19 Acoelomic No Body Cavity 3 tissue types, addition of mesoderm No body cavity; no space between digestive tube and specialized organs E.g. Flatworms

20 Pseudo body cavity Pseudocoelom: incomplete lining of body cavity by mesoderm E.g. Nematodes (round worms)

21 True Body Cavity True Coelom (Eucoelom) E.g. Annelids, Echinoderms, Chordates, Molluscs, Arthropods

22 Developmental differences Cell cleavage pattern Spiral - P Radial - D Gastrulation: gut formation Pore becomes mouth - P Pore becomes anus - D Coelom formation As independent block of tissue - P As eversion of endoderm - D

23 Diverse feeding modes Suspension Deposit Mass Fluid

24 Diverse food choices Adaptations for food acquisition Herbivores Carnivores Omnivores Detritivores Predators Parasites Endo & ecto

25 Animal Phylogeny

26 Protostome groups Ecdysozoa - growth by molting (ecdysis) Lophotrochozoa - growth by incremental additions

27 Defining characters Ecdysozoa - growth by molting Lophotrochozoa use cilia Lophophore: specialized feeding structure Trocophore larva: feeding & dispersal stage

28 Most Animals are Protostomes Arthropoda Insecta Chelicerates Crustaceans Mollusca

29 Coelom is reduced & reinvented Primary function: hydrostatic skeleton & space for circulating fluids In speciose groups, these jobs are absorbed by novel structures Arthropods: exoskeleton & muscles; hemocoel Molluscs: foot; visceral mass contains organs & circulates fluids

30 Water to Land Protostomes made the transition, but did so many times (many lineages) Necessary adaptations: Exchange gases in air vs. water Avoid desiccation Move in high gravity environment Once these appeared, diversification was rapid. Why? Protostomes move to land ~ 465 Mya, but first Vertebrates don t invade land until 360 Mya ~ 100 My of ecological opportunity on land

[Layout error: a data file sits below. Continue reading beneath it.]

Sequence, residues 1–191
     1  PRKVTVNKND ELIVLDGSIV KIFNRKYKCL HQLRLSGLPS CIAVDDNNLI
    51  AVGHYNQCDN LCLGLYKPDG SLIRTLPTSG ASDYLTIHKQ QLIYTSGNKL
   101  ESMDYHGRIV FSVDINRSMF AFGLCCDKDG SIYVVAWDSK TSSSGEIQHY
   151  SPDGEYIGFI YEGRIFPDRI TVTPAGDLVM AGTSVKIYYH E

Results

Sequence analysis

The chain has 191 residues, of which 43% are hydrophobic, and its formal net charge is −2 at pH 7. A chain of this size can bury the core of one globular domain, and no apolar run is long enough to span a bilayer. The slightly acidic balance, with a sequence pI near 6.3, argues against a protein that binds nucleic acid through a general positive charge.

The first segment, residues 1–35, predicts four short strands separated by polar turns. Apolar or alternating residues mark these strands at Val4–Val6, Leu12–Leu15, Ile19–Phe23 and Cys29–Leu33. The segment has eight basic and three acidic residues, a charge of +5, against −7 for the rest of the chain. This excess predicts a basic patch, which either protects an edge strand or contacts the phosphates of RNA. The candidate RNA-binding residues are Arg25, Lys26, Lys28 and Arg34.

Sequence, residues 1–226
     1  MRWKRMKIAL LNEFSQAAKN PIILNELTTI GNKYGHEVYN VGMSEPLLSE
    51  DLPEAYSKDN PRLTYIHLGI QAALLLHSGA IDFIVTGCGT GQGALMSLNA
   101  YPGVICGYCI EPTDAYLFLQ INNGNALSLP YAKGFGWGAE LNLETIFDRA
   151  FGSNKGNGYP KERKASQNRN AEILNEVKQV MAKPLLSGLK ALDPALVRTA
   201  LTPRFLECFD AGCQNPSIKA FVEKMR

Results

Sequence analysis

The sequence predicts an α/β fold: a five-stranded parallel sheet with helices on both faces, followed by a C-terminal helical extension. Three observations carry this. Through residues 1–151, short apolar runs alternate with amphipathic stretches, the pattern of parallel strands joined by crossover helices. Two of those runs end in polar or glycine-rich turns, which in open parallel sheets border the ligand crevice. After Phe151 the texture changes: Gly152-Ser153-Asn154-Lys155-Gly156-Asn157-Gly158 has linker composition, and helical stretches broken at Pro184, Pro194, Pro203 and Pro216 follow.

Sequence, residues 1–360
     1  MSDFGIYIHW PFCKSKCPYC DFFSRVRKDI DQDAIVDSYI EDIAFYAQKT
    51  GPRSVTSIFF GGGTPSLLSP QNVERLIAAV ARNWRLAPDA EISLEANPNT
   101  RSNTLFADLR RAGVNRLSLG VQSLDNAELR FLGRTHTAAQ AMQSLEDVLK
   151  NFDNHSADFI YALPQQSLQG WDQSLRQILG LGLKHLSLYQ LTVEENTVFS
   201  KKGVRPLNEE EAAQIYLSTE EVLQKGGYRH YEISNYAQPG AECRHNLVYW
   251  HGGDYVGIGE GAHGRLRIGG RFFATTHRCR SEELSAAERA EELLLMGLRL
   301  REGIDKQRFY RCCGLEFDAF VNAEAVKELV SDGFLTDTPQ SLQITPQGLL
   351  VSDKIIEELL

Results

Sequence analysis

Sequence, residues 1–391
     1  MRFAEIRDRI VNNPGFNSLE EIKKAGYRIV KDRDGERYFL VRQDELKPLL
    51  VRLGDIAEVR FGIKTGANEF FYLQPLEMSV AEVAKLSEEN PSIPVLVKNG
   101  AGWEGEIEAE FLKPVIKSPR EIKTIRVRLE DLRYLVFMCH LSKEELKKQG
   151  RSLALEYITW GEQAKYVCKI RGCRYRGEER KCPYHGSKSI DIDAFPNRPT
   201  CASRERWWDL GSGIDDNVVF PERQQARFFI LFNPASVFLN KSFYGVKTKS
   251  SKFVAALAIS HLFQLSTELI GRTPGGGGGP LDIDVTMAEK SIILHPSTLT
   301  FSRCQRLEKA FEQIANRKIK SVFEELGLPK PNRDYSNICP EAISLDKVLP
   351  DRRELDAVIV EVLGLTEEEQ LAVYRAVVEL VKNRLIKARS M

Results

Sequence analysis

31 Further diversification Feeding adaptations for food gathering or capture Moving musculoskeletal systems Reproducing dispersing gametes protecting gametes & offspring preventing desiccation

32 Feeding Modification of mouthparts or appendages Allow all types of feeding Ecdysis allows juveniles & adults to specialize on different foods

33 Moving Determined by type of skeleton & appendages: Hydrostatic Ecto Endo

34 Sexual Reproduction External (sessile adults) or internal (mobile adults) Asexual (parthenogenic, fragmenting, splitting lengthwise) Metamorphosis Typical of taxa with sessile adults; dispersal stage Desiccation-resistant eggs membrane-bound (multiple terrestrial Arthropoda)

35 Porifera (Sponges) No symmetry No true tissues No nerves, no muscle, no body cavity, no skeleton; mixed layer of specialized cells Suspension feeders Hermaphrodites (most are sequential)

36 Cnidarians & Ctenophores Corals, jellyfish, anemones Radial symmetry True Tissues! Cnidocytes for prey capture Gastrovascular cavity In & out tubes are same Hydrostatic skeleton Reproductive system Gonads (testes, ovaries)

37 Lophotrochozoans

38 Ecdysozoans

39 Arthropoda

40 Nematoda